Art, Art History and Design, School of


First Advisor

Philip Sapirstein

Second Advisor

Michael Hoff

Third Advisor

LuAnn Wandsnider

Date of this Version



A THESIS Presented to the Faculty of The Graduate College at the University of Nebraska In Partial Fulfillment of Requirements For the Degree of Master of Arts, Major: Art History, Under the Supervision of Professor Philip Sapirstein. Lincoln, Nebraska: May, 2018

Copyright 2018 Rebecca A. Salem


It is often assumed that mosaicists working in different parts of the Roman Empire utilized specific repertoires of geometric patterns, specific to that locality, which formed distinct regional styles. Accordingly, scholarship has sought to assign particular layouts and ornamentation to different areas around the Empire: illusionistic patterns mimicking architectural elements such as coffering in the Eastern Roman Empire, black and white scenes of imagery with no geometric designs in central Italy, and large figural scenes bordered with geometric patterns in North Africa. But this existing model of regional difference does not explain the similarities that can also be seen. For example, the gridded geometric layout has been described as distinctive to Gallic mosaics, but further examination shows that it was also used frequently in Roman mosaics found in modern day Tunisia and Syria. Arguably, such commonalities are indicative of a greater level of connectivity and exchange across the empire regarding mosaic design than has previously been recognized.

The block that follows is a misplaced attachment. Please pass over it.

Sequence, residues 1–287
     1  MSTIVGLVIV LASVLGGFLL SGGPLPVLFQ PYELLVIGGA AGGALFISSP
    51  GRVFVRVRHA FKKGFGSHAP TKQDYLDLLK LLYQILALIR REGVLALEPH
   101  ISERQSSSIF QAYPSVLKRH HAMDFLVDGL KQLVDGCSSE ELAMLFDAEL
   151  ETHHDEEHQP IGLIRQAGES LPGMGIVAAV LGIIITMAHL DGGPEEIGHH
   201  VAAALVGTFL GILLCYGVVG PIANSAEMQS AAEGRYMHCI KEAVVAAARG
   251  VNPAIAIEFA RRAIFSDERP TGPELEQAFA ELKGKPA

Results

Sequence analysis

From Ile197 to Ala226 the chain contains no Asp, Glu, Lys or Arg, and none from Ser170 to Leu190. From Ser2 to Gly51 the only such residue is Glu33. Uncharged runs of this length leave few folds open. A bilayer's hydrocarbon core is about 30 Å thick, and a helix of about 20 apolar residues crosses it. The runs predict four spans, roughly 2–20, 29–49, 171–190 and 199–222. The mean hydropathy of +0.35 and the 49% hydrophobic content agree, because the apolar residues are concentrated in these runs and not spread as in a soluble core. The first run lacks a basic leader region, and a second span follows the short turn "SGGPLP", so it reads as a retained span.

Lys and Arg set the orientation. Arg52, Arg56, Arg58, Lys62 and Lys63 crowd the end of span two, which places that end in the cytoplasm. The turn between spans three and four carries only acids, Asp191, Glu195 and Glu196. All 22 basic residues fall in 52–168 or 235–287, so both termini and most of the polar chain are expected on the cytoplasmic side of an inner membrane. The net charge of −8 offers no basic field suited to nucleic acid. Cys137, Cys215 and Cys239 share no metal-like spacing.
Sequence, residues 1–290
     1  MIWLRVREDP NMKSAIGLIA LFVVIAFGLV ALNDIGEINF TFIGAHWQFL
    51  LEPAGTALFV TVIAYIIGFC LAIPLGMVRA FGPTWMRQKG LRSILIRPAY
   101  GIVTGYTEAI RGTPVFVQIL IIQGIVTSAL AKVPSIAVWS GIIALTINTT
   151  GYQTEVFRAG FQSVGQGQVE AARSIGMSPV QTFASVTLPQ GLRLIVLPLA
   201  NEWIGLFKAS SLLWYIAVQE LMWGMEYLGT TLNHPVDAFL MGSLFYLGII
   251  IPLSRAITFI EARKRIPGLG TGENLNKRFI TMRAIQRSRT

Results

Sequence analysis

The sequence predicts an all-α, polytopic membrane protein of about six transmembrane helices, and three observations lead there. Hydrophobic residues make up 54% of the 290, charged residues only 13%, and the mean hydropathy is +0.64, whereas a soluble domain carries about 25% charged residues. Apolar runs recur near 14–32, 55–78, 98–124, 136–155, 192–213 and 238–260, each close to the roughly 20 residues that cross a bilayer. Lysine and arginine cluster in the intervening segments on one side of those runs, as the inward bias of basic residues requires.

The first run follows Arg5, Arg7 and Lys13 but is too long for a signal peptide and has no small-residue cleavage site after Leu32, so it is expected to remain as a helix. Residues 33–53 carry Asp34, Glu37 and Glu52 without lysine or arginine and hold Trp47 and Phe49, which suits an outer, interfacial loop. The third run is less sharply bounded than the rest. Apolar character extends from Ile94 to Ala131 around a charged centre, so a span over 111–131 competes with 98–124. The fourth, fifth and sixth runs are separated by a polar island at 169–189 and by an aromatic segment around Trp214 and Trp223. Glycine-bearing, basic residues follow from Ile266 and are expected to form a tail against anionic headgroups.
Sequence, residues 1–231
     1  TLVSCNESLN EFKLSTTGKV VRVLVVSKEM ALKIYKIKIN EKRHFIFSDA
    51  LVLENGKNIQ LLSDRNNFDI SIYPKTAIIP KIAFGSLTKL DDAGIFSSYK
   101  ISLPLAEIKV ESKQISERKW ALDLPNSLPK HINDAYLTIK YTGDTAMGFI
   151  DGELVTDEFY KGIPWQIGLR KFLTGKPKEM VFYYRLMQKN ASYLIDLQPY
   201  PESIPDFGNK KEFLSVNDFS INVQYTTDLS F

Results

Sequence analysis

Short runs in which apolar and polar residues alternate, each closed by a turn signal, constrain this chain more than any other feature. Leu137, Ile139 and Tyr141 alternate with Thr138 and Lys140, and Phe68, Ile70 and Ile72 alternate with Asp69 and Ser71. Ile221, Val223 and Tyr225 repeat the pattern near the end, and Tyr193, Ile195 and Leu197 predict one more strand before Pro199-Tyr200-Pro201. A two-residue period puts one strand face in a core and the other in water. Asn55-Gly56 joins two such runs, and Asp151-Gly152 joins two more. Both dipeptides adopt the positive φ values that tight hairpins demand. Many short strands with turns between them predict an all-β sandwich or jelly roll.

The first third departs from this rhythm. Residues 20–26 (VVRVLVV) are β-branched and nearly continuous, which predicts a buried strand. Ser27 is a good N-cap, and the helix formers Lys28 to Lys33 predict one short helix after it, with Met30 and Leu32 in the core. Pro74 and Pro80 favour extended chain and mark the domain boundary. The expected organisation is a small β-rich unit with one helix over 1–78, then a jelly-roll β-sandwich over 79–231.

Focusing on the provinces of Gallia Narbonensis and Gallia Belgica, this thesis analyses geometric layouts and patterns of mosaics in domestic contexts across these territories, primarily during the first to third centuries CE. Despite their different temporal introductions to mosaics and geographic locations, the mosaics of Gallia Narbonensis and Gallia Belgica possess similar design repertoires. Observable similarities in designs can be used to map the movement of ideas, materials, and practitioners, facilitated by roads and waterways. This presents new insight into cultural transference amongst regional provinces. Placing the results within the wider context of mosaic design elsewhere in the Roman Empire, this study also challenges traditional interpretations of widespread mosaic differences between regions, instead arguing for a greater degree of homogeneity in the layout of geometric mosaics. This thesis aims to demonstrate that geometric mosaic designs are influenced by not only local considerations, but by Empire-wide trends.

Advisor: Philip Sapirstein

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